Network Device Failure Shuts Thousands out of SAAS Apps

By Clint Boulton  |  Posted 2009-01-07 Print this article Print
 's SAAS CRM apps went down Jan. 6 in a nearly 40-minute outage that spurred a tweeting rage on Twitter., which hosts CRM and other enterprise apps over the Internet for thousands of companies, says the problem thwarted over 177 million transactions in Europe, Asia and North America. Outages are common among cloud computing service providers, and is joining Google in that unfortunate arena.'s reliable reputation as a software-as-a-service provider was tested Jan. 6 after thousands of business users were left without access to their enterprise applications for roughly 38 minutes, according to numerous reports on Twitter., which hosts CRM and other enterprise applications over the Internet for thousands of companies, said on its community site that the problem thwarted over 177 million transactions in Europe, Asia and North America beginning around 20:39 GMT.

A core network device failed, stopping all data from being processed, according to the site, which provided details about the outage here. staffers worked quickly to get the system up and running again and did so within an hour of the device failure.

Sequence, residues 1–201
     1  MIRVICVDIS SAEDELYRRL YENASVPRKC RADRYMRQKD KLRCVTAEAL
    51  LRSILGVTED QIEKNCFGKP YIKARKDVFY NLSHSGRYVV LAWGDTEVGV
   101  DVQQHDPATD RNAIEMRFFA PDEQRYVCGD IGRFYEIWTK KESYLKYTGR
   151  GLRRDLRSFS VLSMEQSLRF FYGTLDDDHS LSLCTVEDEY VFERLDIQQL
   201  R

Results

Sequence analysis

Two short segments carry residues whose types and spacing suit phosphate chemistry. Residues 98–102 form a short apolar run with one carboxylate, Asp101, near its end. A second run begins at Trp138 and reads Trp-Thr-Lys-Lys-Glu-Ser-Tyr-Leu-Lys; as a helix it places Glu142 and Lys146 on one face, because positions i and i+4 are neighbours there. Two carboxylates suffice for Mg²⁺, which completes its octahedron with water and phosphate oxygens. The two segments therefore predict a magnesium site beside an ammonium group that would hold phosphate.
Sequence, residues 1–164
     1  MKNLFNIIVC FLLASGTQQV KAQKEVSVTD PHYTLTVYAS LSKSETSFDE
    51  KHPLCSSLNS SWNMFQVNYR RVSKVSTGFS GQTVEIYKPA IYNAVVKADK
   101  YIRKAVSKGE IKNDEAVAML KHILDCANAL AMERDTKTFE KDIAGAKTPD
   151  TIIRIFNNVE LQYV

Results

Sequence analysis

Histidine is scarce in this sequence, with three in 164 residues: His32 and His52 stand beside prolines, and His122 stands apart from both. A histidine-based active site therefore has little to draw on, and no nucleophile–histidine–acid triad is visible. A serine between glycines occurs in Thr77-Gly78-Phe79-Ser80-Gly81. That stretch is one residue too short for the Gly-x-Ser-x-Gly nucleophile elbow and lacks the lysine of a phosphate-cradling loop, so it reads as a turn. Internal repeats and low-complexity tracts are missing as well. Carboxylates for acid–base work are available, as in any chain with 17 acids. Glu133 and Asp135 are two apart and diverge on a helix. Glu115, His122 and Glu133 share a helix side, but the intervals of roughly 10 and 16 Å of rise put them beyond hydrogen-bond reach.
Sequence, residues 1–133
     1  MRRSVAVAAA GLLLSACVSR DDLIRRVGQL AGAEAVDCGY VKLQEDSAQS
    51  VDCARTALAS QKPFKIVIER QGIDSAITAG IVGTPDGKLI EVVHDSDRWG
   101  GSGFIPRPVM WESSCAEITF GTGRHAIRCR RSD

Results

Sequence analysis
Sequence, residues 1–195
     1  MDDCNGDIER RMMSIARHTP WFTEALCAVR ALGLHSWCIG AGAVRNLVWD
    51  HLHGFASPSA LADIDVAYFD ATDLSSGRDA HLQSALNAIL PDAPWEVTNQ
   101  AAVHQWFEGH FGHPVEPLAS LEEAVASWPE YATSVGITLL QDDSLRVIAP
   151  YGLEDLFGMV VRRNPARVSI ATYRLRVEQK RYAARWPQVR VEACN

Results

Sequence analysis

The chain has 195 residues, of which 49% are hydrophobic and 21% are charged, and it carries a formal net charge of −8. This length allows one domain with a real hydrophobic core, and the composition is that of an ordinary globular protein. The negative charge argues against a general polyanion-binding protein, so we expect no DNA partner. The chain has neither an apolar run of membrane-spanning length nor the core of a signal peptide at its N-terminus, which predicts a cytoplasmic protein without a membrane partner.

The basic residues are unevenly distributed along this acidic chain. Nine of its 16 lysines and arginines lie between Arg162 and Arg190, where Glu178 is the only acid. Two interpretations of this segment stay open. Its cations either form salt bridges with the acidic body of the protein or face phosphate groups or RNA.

"While we are confident the root cause has been addressed by the workaround, the technology team will continue to work with hardware vendors to fully detail the root cause and identify if further patching or fixes will be needed," said.

Click here to read about how Google and execs took on Oracle and Microsoft at a Web 2.0 Summit cloud computing panel.

Such outages are not uncommon in the world of SAAS, or Internet-fueled computing, aka the cloud.

Google in the summer of 2008 suffered a few outages to Gmail and other Google Apps, prompting a loud outcry among thousands of users who use Google Apps to run their businesses. Google provided the affected Google Apps Premier Edition customers with credits.

But outages at, the godfather of hosted CRM software, are less frequent. In fact, analysts have suggested Google should look to as the model for cloud reliability.

After all, has been hosting software for nearly a decade and it has largely proved a reliable alternative to on-premises solutions from Oracle, SAP, Microsoft and other enterprise application providers.

The outage will accomplish two things: give Oracle, SAP and Microsoft more firepower to argue that the cloud is still unreliable for enterprises, and force, Google and other SAAS providers to redouble their efforts to get application service reliability as close to the 99.999 percent reliability benchmark as possible.


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